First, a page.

- Step-by-step process for completing your original screenplay
- 4 downloadable writing activities
Writing the Short encapsulates my most useful successes and discoveries in hopes that you can take a shortcut and avoid the same mistakes I made.
And, specifically, Writing the Short: School Edition is for our aspiring writers who are current teachers or students at their own schools! The content is appropriate for any age, but is most accessible to students in the fourth grade or up (many teachers find it enjoyable and informative themselves!).
It's a step-by-step guide for getting ideas on the page so you can start telling the stories you need to tell in just 5 lessons. And, students can go through the course on their own, or you can guide them through it.
So, what are you waiting for?
Hit that enroll button, and I hope to see you inside Writing the Short: School Edition!
John Warren is a professor of screenwriting at New York University Tisch School of the Arts Film and Television Program.
He began his writing studies at Ohio University and continued at the New School in New York. In 1986, Warren accepted a fellowship at the American Film Institute in Los Angeles. That same year, Warren sold his first script, The Body Politic, to Orion Films.
Warren has had a variety of films in development over the years, including The Family Tree at Universal, Super Model at Disney, Passionate Kiss at Dreamworks, Sneaky People at DeLaurentis Productions, Tark the Shark and Man Bites Dog at Showtime. Naked in New York, which Warren wrote, was produced by Martin Scorsese. Warren wrote and produced Flashfire for Tri-Mark Films and Girl in the Cadillac for Columbia. As a writer/director, Warren made The Curse of Inferno for MPCA and Major League: Back to the Minors, released by Warner Bros.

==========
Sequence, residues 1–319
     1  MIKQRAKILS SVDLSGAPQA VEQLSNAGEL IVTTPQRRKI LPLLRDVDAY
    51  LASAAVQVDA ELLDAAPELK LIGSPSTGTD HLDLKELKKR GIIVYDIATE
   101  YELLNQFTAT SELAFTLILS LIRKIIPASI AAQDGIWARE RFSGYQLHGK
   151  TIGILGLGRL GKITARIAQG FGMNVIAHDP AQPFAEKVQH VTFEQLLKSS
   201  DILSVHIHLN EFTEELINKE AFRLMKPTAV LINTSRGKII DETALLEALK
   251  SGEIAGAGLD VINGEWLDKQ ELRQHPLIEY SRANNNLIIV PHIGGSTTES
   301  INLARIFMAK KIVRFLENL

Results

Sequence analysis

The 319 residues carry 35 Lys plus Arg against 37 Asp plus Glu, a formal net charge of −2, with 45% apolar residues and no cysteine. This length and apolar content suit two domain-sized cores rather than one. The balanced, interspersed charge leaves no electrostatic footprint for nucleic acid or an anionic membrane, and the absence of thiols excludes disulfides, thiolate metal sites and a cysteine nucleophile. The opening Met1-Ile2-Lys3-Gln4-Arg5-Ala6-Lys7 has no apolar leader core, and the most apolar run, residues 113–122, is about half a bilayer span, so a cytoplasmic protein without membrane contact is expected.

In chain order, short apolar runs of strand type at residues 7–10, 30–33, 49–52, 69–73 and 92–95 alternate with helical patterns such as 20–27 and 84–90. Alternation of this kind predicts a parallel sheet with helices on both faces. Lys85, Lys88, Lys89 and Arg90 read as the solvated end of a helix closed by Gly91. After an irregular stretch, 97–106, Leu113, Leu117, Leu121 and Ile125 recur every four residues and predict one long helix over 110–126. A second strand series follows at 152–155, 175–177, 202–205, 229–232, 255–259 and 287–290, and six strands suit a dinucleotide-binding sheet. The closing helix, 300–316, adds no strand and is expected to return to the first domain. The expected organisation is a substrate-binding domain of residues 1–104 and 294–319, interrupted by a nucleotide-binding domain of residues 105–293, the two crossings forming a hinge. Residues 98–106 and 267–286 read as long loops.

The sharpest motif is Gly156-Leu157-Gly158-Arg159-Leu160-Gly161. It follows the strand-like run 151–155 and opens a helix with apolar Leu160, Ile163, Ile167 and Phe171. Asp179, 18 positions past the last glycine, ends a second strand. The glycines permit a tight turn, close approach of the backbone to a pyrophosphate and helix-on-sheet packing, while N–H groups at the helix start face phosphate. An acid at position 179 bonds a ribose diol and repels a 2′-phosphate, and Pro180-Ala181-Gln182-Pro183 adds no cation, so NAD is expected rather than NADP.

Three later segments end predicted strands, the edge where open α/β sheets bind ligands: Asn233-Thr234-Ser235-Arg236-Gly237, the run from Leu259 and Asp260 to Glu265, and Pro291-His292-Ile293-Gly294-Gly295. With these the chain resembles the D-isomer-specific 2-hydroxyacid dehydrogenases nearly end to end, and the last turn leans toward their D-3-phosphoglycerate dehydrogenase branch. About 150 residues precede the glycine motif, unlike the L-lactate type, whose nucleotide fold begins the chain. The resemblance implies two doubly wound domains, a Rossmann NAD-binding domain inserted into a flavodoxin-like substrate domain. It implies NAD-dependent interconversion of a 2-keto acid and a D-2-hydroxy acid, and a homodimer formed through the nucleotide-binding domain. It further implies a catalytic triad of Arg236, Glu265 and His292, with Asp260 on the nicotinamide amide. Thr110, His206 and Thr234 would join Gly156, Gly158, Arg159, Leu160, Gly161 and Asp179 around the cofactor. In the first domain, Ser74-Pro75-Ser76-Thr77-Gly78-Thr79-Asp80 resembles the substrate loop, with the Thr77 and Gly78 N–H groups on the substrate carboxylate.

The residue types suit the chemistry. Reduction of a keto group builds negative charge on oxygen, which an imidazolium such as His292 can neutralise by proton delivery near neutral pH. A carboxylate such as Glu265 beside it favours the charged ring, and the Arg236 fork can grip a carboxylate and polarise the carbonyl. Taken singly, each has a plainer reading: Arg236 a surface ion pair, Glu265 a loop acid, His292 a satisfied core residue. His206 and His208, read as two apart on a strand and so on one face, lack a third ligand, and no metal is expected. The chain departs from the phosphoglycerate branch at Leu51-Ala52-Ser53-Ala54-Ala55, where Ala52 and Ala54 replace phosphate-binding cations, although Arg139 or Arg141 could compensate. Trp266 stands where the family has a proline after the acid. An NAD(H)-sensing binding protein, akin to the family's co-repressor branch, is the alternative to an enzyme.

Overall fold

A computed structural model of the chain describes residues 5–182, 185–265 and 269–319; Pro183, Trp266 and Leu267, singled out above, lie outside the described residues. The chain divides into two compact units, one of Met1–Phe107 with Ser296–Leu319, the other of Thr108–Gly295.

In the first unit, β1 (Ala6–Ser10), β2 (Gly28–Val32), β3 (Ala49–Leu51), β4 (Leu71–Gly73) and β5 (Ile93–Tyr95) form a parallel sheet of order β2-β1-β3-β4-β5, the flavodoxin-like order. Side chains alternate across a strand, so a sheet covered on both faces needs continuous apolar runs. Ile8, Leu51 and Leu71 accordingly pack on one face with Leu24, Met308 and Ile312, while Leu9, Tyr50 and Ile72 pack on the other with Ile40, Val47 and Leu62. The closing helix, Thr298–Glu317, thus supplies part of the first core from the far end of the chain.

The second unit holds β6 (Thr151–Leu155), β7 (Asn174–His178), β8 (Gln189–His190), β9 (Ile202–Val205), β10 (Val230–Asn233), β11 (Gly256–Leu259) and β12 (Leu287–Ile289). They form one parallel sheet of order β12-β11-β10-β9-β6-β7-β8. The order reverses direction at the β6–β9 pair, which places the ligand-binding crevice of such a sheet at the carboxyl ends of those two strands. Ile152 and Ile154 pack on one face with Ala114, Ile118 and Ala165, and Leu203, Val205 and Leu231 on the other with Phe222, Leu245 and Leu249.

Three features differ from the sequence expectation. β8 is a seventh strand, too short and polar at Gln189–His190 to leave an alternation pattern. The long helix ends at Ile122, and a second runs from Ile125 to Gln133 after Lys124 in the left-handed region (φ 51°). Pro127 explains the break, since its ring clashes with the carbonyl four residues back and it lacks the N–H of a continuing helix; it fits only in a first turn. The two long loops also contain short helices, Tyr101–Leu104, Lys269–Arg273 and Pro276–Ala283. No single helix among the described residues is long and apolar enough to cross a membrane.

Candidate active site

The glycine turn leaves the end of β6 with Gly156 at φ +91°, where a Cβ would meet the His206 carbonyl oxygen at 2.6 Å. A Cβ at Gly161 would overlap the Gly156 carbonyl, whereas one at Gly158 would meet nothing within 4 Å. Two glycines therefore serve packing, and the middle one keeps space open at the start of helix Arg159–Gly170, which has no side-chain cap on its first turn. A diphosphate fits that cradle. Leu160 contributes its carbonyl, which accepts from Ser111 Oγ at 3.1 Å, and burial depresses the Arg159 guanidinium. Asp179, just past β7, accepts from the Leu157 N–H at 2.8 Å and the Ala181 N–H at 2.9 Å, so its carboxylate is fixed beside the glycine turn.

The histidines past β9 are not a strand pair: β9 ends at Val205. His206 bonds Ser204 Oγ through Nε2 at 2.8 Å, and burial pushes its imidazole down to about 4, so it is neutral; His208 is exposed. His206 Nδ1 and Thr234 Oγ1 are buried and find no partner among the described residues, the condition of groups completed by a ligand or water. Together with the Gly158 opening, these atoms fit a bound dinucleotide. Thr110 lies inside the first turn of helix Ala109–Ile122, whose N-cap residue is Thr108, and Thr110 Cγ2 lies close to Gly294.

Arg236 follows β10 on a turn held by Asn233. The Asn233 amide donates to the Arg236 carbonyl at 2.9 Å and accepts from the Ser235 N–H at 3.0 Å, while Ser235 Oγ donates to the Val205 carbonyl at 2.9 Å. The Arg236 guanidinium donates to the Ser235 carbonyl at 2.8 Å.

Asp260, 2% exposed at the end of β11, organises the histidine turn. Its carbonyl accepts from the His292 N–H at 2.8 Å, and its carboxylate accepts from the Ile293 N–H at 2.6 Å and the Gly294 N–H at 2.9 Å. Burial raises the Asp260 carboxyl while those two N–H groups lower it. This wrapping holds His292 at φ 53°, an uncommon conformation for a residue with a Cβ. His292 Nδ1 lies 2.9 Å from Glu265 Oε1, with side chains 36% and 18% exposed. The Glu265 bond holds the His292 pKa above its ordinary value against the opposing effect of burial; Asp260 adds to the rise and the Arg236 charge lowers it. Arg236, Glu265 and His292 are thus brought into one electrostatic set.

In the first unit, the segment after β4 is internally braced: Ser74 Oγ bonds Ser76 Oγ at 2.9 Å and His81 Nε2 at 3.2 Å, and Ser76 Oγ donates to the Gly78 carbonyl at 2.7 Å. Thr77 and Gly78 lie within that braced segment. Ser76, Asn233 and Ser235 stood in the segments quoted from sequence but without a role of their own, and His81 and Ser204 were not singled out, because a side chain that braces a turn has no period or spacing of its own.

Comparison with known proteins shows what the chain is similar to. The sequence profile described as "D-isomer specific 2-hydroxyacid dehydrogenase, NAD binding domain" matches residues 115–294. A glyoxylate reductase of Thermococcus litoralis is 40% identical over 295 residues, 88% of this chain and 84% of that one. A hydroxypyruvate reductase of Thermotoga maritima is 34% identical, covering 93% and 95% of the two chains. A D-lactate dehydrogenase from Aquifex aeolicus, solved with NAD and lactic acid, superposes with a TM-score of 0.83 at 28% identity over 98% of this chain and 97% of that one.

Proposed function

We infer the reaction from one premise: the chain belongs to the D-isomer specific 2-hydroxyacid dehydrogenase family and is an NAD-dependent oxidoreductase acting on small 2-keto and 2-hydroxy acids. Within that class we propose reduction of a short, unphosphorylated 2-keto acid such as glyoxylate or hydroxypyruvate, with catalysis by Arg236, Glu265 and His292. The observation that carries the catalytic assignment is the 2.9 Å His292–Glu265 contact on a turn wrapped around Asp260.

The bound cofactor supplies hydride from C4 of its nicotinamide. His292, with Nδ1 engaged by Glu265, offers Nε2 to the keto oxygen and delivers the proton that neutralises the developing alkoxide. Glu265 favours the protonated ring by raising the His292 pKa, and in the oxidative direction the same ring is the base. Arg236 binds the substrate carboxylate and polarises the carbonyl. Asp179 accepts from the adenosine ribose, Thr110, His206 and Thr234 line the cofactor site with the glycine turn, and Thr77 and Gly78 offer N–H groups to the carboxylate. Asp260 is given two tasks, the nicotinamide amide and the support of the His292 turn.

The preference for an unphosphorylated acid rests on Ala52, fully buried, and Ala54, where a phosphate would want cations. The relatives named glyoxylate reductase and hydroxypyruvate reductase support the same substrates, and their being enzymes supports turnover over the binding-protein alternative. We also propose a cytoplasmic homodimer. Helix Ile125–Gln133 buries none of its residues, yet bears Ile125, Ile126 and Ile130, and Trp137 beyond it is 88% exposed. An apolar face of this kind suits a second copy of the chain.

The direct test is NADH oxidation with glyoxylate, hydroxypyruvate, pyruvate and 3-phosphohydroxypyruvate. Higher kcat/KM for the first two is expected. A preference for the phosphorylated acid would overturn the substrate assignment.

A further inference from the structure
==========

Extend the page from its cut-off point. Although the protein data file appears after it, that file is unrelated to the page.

On the TV side, Warren’s writing credits include Johnny Bago (CBS), The Adventures of Brisco County Jr. (Fox Network) and Fortune Hunter (Columbia Tri-Star TV).
Warren is married to Janet Eilber, Artistic Director of the Martha Graham Center of Contemporary Dance, with whom he has two daughters, Madeline and Eva.
Frequently Asked Questions
"Participating in the Young Screenwriters course is an invaluable experience. It kept me accountable to myself and to the course at every stage. I learned how to think about the structure of my stories in a different way that has made me a better writer. I am looking forward to participating in future courses!"
- Anna Tierney
"John's years of experience as both a professional writer and leading professor are condensed into informative videos that explain to the novice as well as the seasoned writer all aspects of screenwriting. His notes on pitching were particularly helpful. Great teacher and a great class."
- Stephen T. Hoover
"John is an excellent communicator with years of insider info from laboring in the film industry that he generously shares. You breeze through the course material quickly and effortlessly, feeling energized. The course is excellent and useful for the young or young-at-heart, any age really."
- Norman Kaufman
"I tend to overthink my writing and need to be focused, this class helped with that. Having a task to do every week kept me moving forward and focused on my idea. The feedback from the team helped me to see what need to work on and become confident that I was getting better every day.
- Judith Casanova